iPhone 11 Pro Camera Review
iPhone 11 Pro Camera Review: China
Nĭ hăo (hello from China!)
I’m here as I continue on-going work photographing The Bach Project w/ Yo-Yo Ma, a world tour where Yo-Yo is performing Bach in unconventional places around the globe. It’s been a privilege to photograph this amazing journey, and when I considered how to test the iPhone 11 Pro’s new capabilities, I thought a shoot on this project could be a great fit as many of these shoots have been in extremely low light!
Of course, I’ve also been anxious to see what this Ultra Wide lens can do, so shortly after the performance I popped out to the countryside to find some epic landscapes and have been out exploring this big, beautiful country ever since.
The iPhone 11 Pro announcement was really about one thing: camera. (ICYMI, see this video pretty much summing it up.)
The big camera features I was most interested in testing were obviously the Ultra Wide (13 mm) lens, the new Night mode, Capture Outside the Frame, and things like iOS 13 photo management, editing tools, etc.
My driving question remains:
How will this new tech make
our pictures and videos better?
It’s been a blast to shoot with and test this strong camera upgrade and I’m excited to share the results. I hope you enjoy!
Three Lenses in Our Pocket
The addition of any new lens is a pretty big deal. You might remember my excitement when we gained the “telephoto” 51mm lens with the iPhone 7 Plus, and today I’m just as thrilled to be putting an entirely new Ultra Wide lens in my pocket. It gives us another format to tell the story, another perspective to visualize, and a better rounded tool for doing our best creative work.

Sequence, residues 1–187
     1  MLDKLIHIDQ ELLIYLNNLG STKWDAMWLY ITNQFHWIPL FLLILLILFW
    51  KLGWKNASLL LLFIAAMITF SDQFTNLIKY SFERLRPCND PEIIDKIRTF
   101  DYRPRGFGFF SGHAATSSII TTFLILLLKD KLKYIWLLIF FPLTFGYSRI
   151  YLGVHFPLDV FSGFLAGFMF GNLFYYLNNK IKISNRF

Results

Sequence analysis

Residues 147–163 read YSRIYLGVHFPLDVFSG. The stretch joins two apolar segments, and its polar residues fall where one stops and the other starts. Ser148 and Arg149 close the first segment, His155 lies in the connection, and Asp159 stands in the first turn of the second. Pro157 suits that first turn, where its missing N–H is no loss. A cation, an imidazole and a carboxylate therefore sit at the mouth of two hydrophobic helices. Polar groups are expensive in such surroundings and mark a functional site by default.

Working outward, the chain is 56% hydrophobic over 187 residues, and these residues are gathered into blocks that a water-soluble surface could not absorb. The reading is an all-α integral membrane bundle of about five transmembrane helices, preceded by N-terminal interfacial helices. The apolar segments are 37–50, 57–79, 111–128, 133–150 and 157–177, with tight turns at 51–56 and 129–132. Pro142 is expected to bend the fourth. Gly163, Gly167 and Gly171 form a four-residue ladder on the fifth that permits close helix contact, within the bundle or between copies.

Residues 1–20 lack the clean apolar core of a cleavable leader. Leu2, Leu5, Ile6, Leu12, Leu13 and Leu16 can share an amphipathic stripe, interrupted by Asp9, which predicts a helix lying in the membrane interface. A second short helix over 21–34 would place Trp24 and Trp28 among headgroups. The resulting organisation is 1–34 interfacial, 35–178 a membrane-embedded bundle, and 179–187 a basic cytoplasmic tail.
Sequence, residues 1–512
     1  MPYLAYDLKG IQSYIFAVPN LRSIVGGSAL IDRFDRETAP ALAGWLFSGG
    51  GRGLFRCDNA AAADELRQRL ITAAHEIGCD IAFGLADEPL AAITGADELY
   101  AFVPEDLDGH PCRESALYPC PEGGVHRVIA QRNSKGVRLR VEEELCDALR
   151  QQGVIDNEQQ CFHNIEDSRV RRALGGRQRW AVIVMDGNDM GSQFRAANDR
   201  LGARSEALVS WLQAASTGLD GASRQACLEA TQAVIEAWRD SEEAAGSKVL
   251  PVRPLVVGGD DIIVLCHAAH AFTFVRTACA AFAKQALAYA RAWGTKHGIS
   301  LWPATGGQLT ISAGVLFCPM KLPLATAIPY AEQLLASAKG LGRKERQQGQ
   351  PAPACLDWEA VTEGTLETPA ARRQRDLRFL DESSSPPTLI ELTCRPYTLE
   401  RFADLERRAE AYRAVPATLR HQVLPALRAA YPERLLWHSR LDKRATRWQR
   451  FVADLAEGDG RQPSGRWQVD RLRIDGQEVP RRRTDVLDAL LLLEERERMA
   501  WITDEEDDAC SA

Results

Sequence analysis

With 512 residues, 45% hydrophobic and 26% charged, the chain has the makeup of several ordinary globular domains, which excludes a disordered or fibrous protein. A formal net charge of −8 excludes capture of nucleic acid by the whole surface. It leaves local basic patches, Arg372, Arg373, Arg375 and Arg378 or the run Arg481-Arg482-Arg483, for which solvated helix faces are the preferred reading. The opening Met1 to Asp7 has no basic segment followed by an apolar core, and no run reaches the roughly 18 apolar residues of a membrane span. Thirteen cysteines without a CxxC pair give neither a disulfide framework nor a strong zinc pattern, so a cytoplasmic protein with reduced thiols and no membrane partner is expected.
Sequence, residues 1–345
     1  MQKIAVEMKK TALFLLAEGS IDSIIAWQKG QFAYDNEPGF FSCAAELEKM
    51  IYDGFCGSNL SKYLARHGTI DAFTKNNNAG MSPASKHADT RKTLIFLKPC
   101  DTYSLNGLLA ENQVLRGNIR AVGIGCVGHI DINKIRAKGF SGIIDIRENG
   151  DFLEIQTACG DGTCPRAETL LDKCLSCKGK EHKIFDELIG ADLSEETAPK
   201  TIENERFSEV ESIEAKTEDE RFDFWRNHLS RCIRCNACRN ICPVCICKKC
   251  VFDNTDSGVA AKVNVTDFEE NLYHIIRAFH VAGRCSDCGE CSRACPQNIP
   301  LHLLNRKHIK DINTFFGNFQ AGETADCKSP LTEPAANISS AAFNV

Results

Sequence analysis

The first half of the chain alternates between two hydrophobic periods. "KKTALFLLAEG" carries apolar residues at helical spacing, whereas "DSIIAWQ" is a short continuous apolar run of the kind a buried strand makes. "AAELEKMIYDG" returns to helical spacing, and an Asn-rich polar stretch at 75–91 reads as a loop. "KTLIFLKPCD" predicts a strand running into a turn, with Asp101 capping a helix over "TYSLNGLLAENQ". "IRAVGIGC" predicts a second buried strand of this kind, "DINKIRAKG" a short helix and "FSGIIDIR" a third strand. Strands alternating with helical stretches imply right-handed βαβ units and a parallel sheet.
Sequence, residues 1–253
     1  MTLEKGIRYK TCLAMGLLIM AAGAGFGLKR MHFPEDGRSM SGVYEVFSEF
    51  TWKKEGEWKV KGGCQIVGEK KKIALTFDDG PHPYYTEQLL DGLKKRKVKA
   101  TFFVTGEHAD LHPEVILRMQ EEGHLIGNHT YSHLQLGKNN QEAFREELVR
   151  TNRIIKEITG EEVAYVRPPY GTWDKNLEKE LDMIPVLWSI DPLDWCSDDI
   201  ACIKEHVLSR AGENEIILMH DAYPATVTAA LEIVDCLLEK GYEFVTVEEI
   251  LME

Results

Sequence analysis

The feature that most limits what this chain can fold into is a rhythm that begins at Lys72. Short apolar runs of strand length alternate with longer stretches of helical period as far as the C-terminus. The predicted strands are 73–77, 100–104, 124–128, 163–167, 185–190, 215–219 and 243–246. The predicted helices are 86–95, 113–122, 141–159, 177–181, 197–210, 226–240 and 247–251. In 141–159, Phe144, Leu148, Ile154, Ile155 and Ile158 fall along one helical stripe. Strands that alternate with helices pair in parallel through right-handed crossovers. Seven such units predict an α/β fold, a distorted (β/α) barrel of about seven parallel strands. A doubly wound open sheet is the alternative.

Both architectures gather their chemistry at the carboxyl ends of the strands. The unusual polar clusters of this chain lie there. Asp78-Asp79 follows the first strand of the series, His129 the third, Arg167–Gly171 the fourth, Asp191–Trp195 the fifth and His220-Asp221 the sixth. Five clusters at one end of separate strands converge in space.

Any new lens would be great, but I especially love shooting super wide angle — my main lens on my dSLR has always been the Canon 16–35 f/2.8 or Hasselblad’s 21 mm (16 mm equivalent), and anyone who knows my work knows these super wide angle shots are often the ones I’m most proud of. I often reach for a super wide lens because it naturally captures a strong sense of place, and more layers to a story.
I’ve had a blast shooting with the new Ultra Wide on iPhone 11 Pro in all kinds of scenarios here in China.
Here are a few Ultra Wide favs:
And don’t forget how great a wide lens can be shooting vertically! Here’s an image shot Ultra Wide landing in China:
Halide’s Technical Readout
As we can see in Halide’s Technical Readout tool, the strongest lens is the Wide: It has a shutter range from 1/125,000 to 1 second, and the fastest aperture at f/1.8 and fastest ISO. On top of that, it has Night mode and a stronger auto-focus system.
I’ve highlighted a few of the data points worth noting:
The Ultra Wide works really great in normal lighting conditions and overall I’m thrilled to have it, but you will feel a difference when you move indoors or shoot into the evening. The images are softer than the Wide, and without Night mode you’ll be tempted (or forced) to switch back to Wide depending on how limited your light is.
Note: I realize some of this may feel too technical, but it matters. We MUST understand our tools in order to successfully move through the creative process. If we don’t know about our cameras’ strengths and weaknesses and why they’re there, it’s really hard to solve problems and achieve our vision.
Halide builds the best third-party camera app and it includes this handy Technical Readout tool. You can download the latest version of Halide Camera with Technical Readout here.
More Perspectives, Deeper Stories
As photographers, we often think about creating a balance of “wide, medium, and tight” images in a series. Shooting the same subject with all three perspectives can take the viewer on a journey through the macro and micro — and ultimately connect viewer to subject in a deeper way.
Whether you regularly wish you had a super wide angle or not, I’d encourage you to play with capturing a subject with all three lenses. It’s a great exercise to push your creative juices and it’s a whole lot of fun to do simply with the iPhone 11 Pro and no accessories.